After more years of teaching and writing than I care to admit, I am still learning new techniques. No surprise: Those who stand still, atrophy.
Having turned to fiction writing in the last two years after a lifetime of doing mainly non-fiction, I see over and over the importance of bringing a page to life by revising it with descriptive details. I look at what I have written and see what's missing, and what's missing are the specific details that, along with dialogue, make a scene come alive.
Consider a few details from a short (non-fiction) piece in The New Yorker (June 2) by Emma Allen. It's a profile of the actor Hamish Linklater that I would not have read except that its descriptive detail--original and concise-- caught my eye.
For example: "Linklater--who is thirty-seven, lanky, toothy, with tousled curls--selected a seat next to his mother (white hair, polka-dotted socks), and slid into a slouch, arms crossed, black boots stuck straight out in front of him."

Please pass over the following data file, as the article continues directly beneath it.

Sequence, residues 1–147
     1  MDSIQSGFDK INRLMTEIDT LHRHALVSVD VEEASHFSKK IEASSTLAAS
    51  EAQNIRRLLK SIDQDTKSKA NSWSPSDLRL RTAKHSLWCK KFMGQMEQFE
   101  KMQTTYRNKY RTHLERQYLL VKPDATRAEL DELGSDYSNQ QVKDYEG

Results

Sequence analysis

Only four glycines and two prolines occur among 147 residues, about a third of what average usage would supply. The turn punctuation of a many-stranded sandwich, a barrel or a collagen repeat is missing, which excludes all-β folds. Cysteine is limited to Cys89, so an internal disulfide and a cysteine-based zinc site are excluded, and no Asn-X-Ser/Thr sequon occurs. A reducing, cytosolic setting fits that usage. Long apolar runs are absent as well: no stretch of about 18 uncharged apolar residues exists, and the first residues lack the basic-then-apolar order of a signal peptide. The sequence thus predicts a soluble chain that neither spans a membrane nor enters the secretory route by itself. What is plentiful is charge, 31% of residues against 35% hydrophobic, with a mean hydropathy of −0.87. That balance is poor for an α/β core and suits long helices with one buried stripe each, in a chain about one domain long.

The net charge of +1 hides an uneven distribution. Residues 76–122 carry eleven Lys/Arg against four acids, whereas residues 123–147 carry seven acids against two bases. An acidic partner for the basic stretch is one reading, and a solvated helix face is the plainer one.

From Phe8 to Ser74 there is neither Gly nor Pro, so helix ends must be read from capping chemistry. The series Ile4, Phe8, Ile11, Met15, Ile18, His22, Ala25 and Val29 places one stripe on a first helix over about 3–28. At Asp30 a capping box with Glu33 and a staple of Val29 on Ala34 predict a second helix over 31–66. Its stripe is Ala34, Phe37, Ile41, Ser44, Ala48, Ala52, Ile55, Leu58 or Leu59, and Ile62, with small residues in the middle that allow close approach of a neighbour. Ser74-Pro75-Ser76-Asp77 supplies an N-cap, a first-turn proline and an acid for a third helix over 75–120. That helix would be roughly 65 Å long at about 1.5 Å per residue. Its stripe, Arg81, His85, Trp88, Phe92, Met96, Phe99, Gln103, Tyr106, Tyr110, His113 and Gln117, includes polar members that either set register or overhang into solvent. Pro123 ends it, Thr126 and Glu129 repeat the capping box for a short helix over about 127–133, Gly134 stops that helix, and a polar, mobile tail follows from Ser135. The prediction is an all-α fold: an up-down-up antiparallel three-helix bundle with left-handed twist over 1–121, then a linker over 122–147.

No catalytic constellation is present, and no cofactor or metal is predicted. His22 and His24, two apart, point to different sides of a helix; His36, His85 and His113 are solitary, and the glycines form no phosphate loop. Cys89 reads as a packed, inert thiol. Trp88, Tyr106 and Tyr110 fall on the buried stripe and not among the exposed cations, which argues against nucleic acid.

In one sentence, Allen has given me a snapshot of this man on a particular day. She does not waste words in long, fancy descriptive paragraphs: just a few deft touches are all we need. The tone of this sentence is fresh, smart, and original.
I like writers who stick interesting details between dashes or parentheses (as long as the interruption of the main sentence is not too long).
Later in the article we read: "A student with gelled hair and ripped jeans raised his hand." A fair amount of description is built into that neat little sentence. Quite often, less is more.
Someone said long ago, the truth is buried in the details. Writing without vivid description is dull, and description without sharp details is weak.
The challenge for me as a writer is to keep refining my sentences until they have been stripped of anything trite and have enough sparkle to make the reader want more.